Planning – Example Goals • In Minnesota, Carver County used guidelines established by state statute to develop a set of water management goals. Some of these goals included: • Protect, preserve, and manage natural surface and groundwater storage and retention systems • Effectively and efficiently manage public capital expenditures needed to correct flooding and water quality problems • Identify and plan for means to effectively protect and improve surface and groundwater quality • Protect and enhance fish and wildlife habitat and water recreational facilities
Planning – Example Policies • Stormwater • Provide stormwater attenuation to minimize degradation of the water resources through a reduction in the amount and rate of surface water runoff from agricultural and urban land uses. • Wetlands • Manage and restore wetlands in the watershed to protect the values of wetland functions as determined from a wetland inventory and functional values analysis
Planning – Example Strategies • Stormwater • Set an impervious surface cover cap in the subwatersheds. • Add X acres of wetlands in the watershed. • Wetlands • Complete a wetland inventory and assess the values of the wetland functions for each of the watersheds • Implement a buffer ordinance for wetlands based on level of priority
Organizational set-up • Goal of local watershed management organizations is to protect, preserve, restore natural resources through • Assessment • Planning • Implementation – How do you get there? • Evaluation
Implementation – How do you get there? • The Watershed Plan is the community’s guide for project implementation. It includes: • Strategies or the tasks that need to be done in order of priority. • Time Frame for tasks to be completed. • Capital Improvement Plan which provides estimates of the funding needs for each task.
Organizational set-up • Goal of local watershed management organizations is to protect, preserve, restore natural resources through • Assessment • Planning • Implementation • Evaluation – Did you make it?
Evaluation - Did you make it? • Evaluation is the key to measuring success of the watershed plan and toward making appropriate adjustments. Evaluation is important in various components of the watershed management including: • administration • water quality monitoring • mid-course corrections • long-term maintenance
Evaluation • Administration component includes evaluating and publicizing the interim measures of success such as measuring how well the watershed is managed, strategies are implemented, data is gathered, and monitoring is evaluated. This may be done by • Preparing progress reports • Public awareness presentations and newsletters • Number and result of projects completed • Evaluating data and distributing results • Recommending adjustments to the plan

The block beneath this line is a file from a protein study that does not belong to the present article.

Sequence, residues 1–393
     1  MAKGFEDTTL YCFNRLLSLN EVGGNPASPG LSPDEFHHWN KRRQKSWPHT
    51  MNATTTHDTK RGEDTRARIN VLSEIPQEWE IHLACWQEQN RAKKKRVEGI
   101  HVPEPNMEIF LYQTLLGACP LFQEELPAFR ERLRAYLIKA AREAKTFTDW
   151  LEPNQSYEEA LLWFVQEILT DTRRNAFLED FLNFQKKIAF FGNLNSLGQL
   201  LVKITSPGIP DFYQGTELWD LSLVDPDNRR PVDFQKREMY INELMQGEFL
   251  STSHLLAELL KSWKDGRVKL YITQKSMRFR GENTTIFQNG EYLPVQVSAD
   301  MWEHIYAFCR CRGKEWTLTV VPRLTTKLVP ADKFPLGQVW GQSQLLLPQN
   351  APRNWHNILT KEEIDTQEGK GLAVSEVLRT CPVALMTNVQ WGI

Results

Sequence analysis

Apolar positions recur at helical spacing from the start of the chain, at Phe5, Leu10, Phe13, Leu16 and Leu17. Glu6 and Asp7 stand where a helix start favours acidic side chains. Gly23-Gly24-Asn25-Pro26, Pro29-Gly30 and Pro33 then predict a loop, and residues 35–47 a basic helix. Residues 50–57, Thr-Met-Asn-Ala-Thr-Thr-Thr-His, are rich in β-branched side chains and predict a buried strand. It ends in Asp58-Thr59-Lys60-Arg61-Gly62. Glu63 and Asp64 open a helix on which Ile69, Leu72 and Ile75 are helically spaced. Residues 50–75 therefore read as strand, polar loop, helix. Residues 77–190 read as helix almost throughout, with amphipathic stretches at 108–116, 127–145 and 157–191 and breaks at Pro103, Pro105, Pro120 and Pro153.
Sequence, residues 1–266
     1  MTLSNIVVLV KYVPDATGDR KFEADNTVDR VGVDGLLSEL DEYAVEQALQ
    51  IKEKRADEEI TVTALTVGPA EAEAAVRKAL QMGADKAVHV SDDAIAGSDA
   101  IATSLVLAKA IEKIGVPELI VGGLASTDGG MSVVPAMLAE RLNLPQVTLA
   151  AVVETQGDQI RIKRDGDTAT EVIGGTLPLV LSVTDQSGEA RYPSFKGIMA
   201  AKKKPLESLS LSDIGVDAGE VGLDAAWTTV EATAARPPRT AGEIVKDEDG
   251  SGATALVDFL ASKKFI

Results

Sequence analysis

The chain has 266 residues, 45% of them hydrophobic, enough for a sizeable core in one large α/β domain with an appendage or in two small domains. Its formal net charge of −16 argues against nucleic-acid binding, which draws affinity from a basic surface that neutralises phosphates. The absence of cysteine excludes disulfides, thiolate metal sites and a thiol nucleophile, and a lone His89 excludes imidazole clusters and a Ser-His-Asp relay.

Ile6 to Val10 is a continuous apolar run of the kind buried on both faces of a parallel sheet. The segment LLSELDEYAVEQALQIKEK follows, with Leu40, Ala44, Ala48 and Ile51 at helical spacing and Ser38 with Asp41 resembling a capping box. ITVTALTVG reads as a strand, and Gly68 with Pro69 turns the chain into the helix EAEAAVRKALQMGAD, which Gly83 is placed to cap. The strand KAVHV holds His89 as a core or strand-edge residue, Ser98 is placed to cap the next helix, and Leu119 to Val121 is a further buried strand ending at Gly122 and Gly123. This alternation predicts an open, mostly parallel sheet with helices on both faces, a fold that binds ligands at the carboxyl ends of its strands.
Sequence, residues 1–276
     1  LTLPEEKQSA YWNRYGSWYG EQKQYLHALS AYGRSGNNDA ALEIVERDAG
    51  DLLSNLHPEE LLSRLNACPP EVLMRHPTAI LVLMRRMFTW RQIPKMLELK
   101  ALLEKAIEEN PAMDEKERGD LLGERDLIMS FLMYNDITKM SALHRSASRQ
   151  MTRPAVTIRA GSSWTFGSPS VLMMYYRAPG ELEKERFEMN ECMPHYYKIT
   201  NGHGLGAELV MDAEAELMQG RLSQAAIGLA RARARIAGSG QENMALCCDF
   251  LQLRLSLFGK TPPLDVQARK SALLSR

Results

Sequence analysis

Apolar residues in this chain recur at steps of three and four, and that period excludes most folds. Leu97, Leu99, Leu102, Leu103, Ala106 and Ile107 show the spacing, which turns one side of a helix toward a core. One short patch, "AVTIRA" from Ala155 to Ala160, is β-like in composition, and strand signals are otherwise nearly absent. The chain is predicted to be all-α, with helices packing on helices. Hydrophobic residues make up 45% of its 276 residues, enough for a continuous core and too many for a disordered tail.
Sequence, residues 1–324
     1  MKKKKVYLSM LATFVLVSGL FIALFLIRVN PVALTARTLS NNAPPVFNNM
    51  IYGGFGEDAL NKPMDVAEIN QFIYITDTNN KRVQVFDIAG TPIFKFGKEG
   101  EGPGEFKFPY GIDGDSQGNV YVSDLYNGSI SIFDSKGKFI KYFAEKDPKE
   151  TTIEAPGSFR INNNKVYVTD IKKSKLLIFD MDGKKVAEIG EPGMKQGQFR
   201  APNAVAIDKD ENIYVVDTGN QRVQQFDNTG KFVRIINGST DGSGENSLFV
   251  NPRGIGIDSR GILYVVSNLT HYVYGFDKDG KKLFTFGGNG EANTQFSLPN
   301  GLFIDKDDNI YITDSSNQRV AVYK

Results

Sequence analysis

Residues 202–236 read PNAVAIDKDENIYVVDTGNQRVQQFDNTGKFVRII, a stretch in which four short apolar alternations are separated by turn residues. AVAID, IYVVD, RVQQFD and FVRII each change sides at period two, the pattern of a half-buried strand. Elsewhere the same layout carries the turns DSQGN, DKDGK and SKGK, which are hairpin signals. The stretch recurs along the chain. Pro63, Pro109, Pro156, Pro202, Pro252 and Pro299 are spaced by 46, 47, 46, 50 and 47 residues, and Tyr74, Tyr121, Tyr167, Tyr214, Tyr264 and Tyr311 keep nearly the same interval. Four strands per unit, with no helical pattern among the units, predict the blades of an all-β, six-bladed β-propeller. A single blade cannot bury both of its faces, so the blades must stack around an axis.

Evaluation • Water quality monitoring component is important for • assessing baseline conditions • detecting trends in ambient water quality • measuring the pollutant-removal efficiencies of bmps • demonstrating effectiveness of restoration measures • monitoring the long-term maintenance of controls
Evaluation • Mid-course corrections should be built into the process to periodically review all aspects of strategies including: • indications from monitoring that the problem is not being solved • other problems are created that are more difficult to control • goal(s) are reached, but it is not effective enough to reach water quality goals • measurable objectives (pollutant load reductions, hydrologic controls, etc.) were not set correctly to solve the problem.
Evaluation • Ensuring long-term maintenance is often the least discussed and most difficult. Regular on-going maintenance must be provide for to ensure success. • Maintenance programs should be self-supporting whenever possible. • Projects are more likely to succeed if supported by private sector and citizens • Demonstrating success to the public is important for ensuring support for needed local regulations
Evaluation • Establish evaluation criteria to assess both outcomes and process • Conduct evaluations throughout the watershed management process, not just at the end • Information gathered during other phases of watershed management (assessment, planning, implementation) can be used as part of the evaluation process • Incorporate any recommendations or insights gained from evaluations into the process right away
References • Center for Watershed Protection. 1998. Rapid Watershed Planning Handbook. Center for Watershed Protection. Ellicott City, Maryland. http://www.cwp.org. • Center for Watershed Protection. 1997. The Economics of Watershed Protection. Watershed Protection Techniques, Vol. 2, No. 4. Center for Watershed Protection, Ellicott City, Maryland. http://www.cwp.org. • Honachefsky, William B. 2000. Ecologically Based Municipal Land Use Planning. Lewis Publishers, Boca Raton, FL. 256 pp. • Know Your Watershed. Putting Together A Watershed Management Plan – A Guide for Watershed Partners. Conservation Technology Information Center, W. Lafayette, IN. http://www.ctic.purdue.edu/KYW/Brochures/PutTogether.html • Ministry of Environment and Energy and Ministry of Natural Resources. 1993. Water Management on a Watershed Basis: Implementing an Ecosystem Approach. Ministry of Environment and Energy and Ministry of Natural Resources, Ontario, Canada. 32 pp. http://www.ene.gov.on.ca/programs/3109e.pdf. • Minnesota Department of Natural Resources. 2004. A Quick Guide to Using Natural Resource Information. Minnesota Department of Natural Resources, St. Paul, MN. www.dnr.state.mn.us. • Terrene Institute. 1996. A Watershed Approach to Urban Runoff – Handbook for Decisionmakers. Terrene Institute, Inc. Alexandria, VA. 115 pp. (Terrene Institute is no longer in operation – see http://www.enviroscapes.com/images/communit.JPG for a poster concept). • U.S. Environmental Protection Agency. 1997. Top 10 Watershed Lessons Learned. National Center for Environmental Publications and Information. 800-490-9198. http://www.epa.gov/owow/lessons/lessonspdfs/top10.pdf.